Doing some recreational browsing / email catchup this weekend and just wanted to throw out some links and comments. In the spirit of Jordan Jesse Go! I’ll give you some editorializing along the way.
Hang It Up!
Some technologies and projects are in need of serious work. Others have outlived their usefulness and someone should turn out the lights.
- National Memory’s MrSid files and the map viewer interface
The interpretive text and curation are lovely. The maps stunning. But the html 1 web interface and full-downloads available only as the archaic MrSID? Boo! Time to forward migrate some of this data Library of Congress. Why make a web page in 2011 if you’re not going to improve the U/X?
- FactFinder 2
Requires Firefox 3.2 or IE 7. Note: not “at least”
Yeah: this one’s mine. Well, at least I inherited it. And much like a moose head or the steamer-trunk your great-grandfather carried with him from Poland, Globetrotter is no longer a usable tool. It’s an artifact: the last public and operating piece of the Alexandria Digital Library. I’m working on it.
Keep it up!
- National Memory: at least you can download full resolution versions of all the images! You’re still the granddaddy of them all and no matter how dowdy your dark and musty corners are, at least I know where to find you. Besides: where else would I go look for a Battle of Bull Run map?
- National Library of Scotland
And their ExpressView interface. I think these are still MrSID’s, but with an html 5 interface? And then there’s the seamless mosaic Google Maps version of the 1/2″ = 1 mile maps. With transparency slider! That’s hot.
- Klokan geo-developer and OS software projects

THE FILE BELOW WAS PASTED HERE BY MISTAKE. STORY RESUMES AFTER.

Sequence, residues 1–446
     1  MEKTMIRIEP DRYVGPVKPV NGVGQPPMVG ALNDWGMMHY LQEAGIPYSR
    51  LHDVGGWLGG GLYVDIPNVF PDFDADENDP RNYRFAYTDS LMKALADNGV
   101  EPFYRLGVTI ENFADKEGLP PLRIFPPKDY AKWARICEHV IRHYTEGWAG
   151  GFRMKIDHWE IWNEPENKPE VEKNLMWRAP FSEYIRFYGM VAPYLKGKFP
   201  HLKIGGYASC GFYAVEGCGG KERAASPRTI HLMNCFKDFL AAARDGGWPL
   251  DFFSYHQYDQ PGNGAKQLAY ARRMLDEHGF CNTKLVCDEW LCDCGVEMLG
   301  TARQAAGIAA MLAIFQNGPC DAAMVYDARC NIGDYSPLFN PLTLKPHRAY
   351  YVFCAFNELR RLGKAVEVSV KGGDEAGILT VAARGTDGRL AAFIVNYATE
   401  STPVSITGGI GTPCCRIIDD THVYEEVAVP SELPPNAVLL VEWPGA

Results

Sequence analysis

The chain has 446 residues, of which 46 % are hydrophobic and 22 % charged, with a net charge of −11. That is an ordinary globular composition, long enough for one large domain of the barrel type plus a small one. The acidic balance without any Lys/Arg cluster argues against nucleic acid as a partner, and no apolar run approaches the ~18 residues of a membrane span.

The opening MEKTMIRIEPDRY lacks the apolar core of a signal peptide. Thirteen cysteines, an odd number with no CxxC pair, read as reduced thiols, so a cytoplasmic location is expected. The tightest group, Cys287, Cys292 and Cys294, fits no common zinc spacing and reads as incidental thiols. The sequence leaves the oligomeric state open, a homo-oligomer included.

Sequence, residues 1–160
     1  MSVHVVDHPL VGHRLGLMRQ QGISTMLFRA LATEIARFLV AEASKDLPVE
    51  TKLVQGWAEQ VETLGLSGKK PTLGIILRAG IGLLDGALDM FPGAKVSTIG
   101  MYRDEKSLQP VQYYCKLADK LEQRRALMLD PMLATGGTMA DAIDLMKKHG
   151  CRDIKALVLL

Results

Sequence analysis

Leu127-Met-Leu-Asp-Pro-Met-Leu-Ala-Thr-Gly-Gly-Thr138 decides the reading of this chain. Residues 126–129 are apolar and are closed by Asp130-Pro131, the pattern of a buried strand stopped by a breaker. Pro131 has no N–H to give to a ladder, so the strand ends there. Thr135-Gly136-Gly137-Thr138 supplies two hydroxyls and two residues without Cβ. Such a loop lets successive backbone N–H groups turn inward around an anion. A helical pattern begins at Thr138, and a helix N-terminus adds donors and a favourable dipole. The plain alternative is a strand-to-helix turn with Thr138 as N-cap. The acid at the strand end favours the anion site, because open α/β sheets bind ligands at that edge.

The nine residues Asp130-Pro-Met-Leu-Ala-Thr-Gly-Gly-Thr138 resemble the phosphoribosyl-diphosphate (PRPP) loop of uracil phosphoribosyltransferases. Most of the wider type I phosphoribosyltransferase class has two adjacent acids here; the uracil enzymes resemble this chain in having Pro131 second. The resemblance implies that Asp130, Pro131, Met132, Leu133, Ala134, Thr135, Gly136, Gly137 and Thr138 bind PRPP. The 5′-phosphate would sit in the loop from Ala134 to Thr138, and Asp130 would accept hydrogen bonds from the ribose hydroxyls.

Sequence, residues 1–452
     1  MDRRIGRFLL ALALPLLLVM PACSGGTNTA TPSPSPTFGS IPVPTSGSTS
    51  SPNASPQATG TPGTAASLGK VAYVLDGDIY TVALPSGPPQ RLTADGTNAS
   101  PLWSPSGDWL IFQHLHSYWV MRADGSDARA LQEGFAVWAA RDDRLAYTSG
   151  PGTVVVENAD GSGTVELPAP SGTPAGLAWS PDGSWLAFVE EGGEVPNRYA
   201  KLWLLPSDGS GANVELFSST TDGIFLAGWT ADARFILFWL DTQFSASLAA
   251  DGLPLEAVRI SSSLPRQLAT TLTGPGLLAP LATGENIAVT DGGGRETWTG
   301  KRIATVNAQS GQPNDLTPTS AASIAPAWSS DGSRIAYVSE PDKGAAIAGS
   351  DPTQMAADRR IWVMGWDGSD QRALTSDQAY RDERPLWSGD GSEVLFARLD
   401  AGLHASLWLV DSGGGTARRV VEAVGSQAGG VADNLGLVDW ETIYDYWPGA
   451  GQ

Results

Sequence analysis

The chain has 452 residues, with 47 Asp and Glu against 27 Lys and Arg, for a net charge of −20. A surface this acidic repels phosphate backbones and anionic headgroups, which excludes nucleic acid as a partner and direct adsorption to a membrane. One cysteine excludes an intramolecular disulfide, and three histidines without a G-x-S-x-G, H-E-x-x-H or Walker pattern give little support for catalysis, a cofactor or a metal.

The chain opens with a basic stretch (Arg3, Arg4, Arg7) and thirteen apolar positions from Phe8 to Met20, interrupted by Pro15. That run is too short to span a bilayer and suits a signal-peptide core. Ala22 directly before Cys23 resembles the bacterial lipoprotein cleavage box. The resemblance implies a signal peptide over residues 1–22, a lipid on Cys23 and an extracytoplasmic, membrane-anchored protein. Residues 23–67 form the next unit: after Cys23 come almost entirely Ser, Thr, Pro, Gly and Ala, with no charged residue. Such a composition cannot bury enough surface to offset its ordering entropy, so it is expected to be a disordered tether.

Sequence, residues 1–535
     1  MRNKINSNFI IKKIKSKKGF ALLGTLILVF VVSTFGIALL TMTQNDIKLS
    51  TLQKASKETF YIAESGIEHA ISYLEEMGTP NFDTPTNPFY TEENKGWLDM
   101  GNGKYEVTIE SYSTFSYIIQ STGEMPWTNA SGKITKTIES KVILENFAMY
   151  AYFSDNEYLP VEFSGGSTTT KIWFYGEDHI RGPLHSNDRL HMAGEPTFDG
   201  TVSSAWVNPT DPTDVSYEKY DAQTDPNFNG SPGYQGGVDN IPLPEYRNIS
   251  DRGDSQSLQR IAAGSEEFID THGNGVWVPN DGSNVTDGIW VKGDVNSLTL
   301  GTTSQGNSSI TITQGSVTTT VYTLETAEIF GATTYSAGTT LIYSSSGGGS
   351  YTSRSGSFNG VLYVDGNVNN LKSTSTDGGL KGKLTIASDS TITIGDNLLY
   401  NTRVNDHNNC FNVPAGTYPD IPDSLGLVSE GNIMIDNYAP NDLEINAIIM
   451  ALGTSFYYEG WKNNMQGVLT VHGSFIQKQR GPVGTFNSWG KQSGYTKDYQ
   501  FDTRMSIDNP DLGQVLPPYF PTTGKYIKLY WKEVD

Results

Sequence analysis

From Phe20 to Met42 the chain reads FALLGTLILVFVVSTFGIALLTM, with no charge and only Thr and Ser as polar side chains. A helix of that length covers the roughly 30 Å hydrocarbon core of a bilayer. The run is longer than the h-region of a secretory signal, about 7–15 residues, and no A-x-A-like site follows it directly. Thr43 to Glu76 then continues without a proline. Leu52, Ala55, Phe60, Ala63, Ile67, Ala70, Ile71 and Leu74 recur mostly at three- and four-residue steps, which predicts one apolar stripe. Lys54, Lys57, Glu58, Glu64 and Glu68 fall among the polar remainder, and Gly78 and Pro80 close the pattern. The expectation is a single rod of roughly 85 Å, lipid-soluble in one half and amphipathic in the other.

My new favorite geoBlog. The parent company has a clear set of services–if only I knew how much this stuff costs. Anybody done business with these folks? (you know, other than you, National Library of Scotland.)
- 2010 “American Indians and Alaska Natives in the United States.”
Is this the longest running Census sheet map? I think there is one for every census. This year’s introduces a new labeling scheme (maybe someone got the Maplex engine for their birthday?). The only way to make this map better? Show what’s new since the previous census.
- Chris Thiry over at the Colorado School of Mines shares his index maps not just as downloadable KMZs, not just as zipped up shapefiles, but also live at arcGISonline.
Why bring all this up now? Because I’m doing a lot of looking. More and more people are asking what is coming down the road, and the ability of any individual cartographer or librarian making a compelling web object is increasing (I’m looking at you Chris Thiry). When a whole institution decides to put muscle behind online projects (I’m looking at you Scotland), it’s more likely to succeed. While a lot of these sorts of projects are built on standard digital collections engines, quite a few of them were custom built in the 1990s and were never intended to last as long as they have. It’s like I’ve got the Spirit and Opportunity of digital libraries. Groundbreaking for the time, but everyone wants to take Curiosity to the prom.
And before anyone complains: keep in mind I left the strongest words for myself and I tease you because I love you. And in the end, please remember that deep down I’m just a 12-year-old boy and I’m doing it for the lulz.
Both comments and pings are currently closed.